The application of nanotechnology in biology and medicine, called biomedical nanotechnology, is a burgeoning field that brings with it a myriad of opportunities and possibilities for advancing medical science and disease treatment. This multidisciplinary field spans the disciplines of biology, chemistry, materials science, engineering and medicine.
At the nanoscale, the physico-chemical properties of materials (e.g., metals, semiconductors) differ fundamentally from their corresponding bulk counterpart because of the quantum size effect.
While metallic gold is the well-known golden yellow, gold nanoparticles (AuNPs) can change their characteristic from a wine red color to pink, violet, or blue simply by altering their size and shape. With this flexibility, nanoparticles also have a large surface area capable for the loading of multiple diagnostic (such as optical, radioisotope, magnetic) and therapeutic (such as drugs) agents.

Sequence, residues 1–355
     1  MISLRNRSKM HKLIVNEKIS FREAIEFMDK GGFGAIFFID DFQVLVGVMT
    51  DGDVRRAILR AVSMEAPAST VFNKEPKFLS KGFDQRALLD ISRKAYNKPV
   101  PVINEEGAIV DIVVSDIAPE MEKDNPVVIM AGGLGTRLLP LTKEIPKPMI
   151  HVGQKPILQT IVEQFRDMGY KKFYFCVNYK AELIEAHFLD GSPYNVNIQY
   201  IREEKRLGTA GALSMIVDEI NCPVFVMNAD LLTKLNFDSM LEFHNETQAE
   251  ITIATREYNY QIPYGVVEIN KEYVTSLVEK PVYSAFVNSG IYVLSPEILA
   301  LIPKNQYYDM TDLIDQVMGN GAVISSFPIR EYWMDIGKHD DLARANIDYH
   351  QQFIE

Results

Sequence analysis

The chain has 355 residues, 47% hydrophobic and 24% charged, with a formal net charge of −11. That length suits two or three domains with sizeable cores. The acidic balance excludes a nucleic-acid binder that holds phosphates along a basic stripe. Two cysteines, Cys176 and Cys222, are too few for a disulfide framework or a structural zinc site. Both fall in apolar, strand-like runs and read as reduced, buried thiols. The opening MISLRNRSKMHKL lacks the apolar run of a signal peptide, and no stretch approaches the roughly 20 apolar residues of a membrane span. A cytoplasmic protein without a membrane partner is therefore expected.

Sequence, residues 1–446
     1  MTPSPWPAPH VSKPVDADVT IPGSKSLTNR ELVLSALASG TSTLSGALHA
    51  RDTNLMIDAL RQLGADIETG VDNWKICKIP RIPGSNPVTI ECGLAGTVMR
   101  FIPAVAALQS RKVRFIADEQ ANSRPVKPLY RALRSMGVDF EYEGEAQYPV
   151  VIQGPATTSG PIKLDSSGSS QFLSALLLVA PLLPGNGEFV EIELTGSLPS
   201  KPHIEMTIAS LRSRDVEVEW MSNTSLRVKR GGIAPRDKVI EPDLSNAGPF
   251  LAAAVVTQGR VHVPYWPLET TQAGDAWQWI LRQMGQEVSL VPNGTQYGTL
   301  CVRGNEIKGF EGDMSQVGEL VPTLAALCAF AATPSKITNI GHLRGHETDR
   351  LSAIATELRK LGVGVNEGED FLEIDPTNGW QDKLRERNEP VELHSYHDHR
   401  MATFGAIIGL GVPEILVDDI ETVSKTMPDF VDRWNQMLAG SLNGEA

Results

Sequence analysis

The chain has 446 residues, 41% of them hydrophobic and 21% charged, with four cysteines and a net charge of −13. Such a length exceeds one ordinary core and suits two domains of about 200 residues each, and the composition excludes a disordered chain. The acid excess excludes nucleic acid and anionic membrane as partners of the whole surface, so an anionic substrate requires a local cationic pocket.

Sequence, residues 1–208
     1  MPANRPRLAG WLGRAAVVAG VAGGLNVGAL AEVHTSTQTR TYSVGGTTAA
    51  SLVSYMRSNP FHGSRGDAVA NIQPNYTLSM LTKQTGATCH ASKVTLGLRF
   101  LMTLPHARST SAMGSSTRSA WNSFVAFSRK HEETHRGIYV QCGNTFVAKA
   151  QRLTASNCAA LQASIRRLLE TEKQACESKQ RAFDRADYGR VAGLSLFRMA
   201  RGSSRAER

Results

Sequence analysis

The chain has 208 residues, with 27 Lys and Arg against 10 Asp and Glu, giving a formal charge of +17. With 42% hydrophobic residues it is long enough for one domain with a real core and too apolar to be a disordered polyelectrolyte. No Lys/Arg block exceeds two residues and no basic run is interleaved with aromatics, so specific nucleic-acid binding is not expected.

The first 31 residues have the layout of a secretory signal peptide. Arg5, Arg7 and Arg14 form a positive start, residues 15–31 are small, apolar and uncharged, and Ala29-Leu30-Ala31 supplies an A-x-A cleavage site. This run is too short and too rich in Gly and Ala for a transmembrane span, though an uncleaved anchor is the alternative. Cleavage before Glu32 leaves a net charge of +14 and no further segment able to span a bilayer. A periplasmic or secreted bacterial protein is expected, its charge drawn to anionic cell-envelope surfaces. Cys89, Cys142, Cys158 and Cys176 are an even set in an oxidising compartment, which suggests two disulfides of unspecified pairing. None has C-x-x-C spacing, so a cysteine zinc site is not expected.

These two fundamental characteristics of gold nanoparticles render them an attractive research tool. Therefore, understanding the basic molecular interactions between nanoparticles and biomolecules is important and essential to successfully apply nanotechnology to biomedical applications.
To achieve this goal, our group is pursuing three major areas:
- Protein-nanoparticle interactions and their implication in angiogenesis-dependent disorder.
- Cell-nanoparticle interactions and their implication in targeted therapy.
- Synthesis of differently shaped nanoparticles based on their protein structure and application in biology.